Edging Luan with a router

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Edging Luan with a router

Postby EZ » Tue Feb 28, 2006 1:59 pm

Seeing as a lot of you guys like to use a flush cut bit in a router for various things I thought I would try it out. I made a nice foam-core door with Luan and 1 Xs and made the sheets a little oversize so that I could cut them flush with the router. Seems that luan doesn't like to be cut cross-grain very much and resulted in some minor or worse splintering. Since my luan roof was going to be trimmed all around (all cross grain due to 5.5 foot width) I am thinking that either this may not be a good idea, I had better come up with a new material for the roof or maybe, just maybe there is a handy-man's secret like masking tape or something that I don't know about. Anyone have a tip?

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Postby mbader » Tue Feb 28, 2006 4:38 pm

Try a brand new (sharp) carbide cutter of 1/2" or 3/4" dia. and go slow.
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Postby mikeschn » Tue Feb 28, 2006 4:45 pm

Ed,

Luan is a cheap, splintery wood. Even with a sharp blade you are going to get this...
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Just knock the splinters off with some sand paper.

If you don't like that you could cover the edge with an aluminum or wood molding, or even rope like Ira did. If you are going to paint it, you could finish it with bondo or epoxy filler, and sand smooth.

It's time to use your imagination.

Of course, like you said, you can always switch materials.

The Lil Diner, with a birch plywood roof cleaned up very nicely...

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Postby Ken A Hood » Tue Feb 28, 2006 5:35 pm

You can always score the top with an exacto/razor knife to minimize splinters, masking tape also will work.
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Postby AmyH » Tue Feb 28, 2006 6:53 pm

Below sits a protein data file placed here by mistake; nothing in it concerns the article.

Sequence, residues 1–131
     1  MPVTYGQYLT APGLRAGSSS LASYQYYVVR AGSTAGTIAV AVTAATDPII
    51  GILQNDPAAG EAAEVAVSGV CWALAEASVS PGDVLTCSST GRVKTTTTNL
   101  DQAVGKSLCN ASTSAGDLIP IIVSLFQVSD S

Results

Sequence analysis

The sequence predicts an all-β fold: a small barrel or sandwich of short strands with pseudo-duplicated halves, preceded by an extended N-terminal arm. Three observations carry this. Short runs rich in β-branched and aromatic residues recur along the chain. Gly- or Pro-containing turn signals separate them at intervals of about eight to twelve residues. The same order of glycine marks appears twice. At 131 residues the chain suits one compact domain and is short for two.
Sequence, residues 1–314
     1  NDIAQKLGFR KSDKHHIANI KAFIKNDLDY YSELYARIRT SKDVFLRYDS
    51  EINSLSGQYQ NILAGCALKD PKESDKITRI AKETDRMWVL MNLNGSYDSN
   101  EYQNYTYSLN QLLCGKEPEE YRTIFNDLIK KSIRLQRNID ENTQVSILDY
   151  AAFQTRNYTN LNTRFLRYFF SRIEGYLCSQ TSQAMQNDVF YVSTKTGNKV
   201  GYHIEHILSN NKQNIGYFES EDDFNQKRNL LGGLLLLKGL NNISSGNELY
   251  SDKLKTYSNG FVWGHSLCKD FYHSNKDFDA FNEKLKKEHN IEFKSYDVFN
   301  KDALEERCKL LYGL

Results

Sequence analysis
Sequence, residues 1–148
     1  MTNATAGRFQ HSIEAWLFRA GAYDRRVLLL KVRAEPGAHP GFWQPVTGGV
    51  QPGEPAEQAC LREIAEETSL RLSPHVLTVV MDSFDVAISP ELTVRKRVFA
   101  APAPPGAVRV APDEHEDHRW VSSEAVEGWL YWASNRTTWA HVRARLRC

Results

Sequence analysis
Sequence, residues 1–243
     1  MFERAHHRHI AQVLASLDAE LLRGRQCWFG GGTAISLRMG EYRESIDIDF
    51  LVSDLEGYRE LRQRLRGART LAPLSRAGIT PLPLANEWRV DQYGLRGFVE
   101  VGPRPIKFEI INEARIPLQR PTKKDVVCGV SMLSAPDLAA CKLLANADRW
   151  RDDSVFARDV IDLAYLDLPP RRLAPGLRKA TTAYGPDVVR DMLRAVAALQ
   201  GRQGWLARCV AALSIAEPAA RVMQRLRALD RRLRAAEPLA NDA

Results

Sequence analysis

I'll reiterate what Ken said, score with a razor blade first, then do the cut, it should reduce the tear-out significantly. I have tried this and it works great. I have also heard (but not tried) of taking two razorblades and separating them slightly with a washer in between (to get about an 1/8" between the razor blades), and then scoring two adjacent lines side by side. If you aim to cut between the scored lines then you'll get a nice tear-out free cut. :thumbsup:

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router bits

Postby travbickel » Tue Feb 28, 2006 8:06 pm

A spiral cutting bit will give a cleaner cut than a straight bit, also.
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Re: router bits

Postby Mitheral » Tue Feb 28, 2006 8:52 pm

travbickel wrote:A spiral cutting bit will give a cleaner cut than a straight bit, also.


Down cutting if you can find one.
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Postby cracker39 » Tue Feb 28, 2006 9:07 pm

I have hardly any experience using a router on thin plywood. I've only cut my 1/4" oak plywood from my side template with the router, using an old and probably dull, 1/4" straight bit. The plywood was put face to face and held tightly together with screws and I had no splintering at all. The cuts were very clean. Luan may be a little different. But, I don't plan on using the router for the luan. I will cut the sheets close to the required width using my circular saw, leaving only an eighth or quarter inch overhanging the sides and will remove most of that escess with my belt sander using 80 grit, then finish it with 100 and 120 grit in my orbital sander.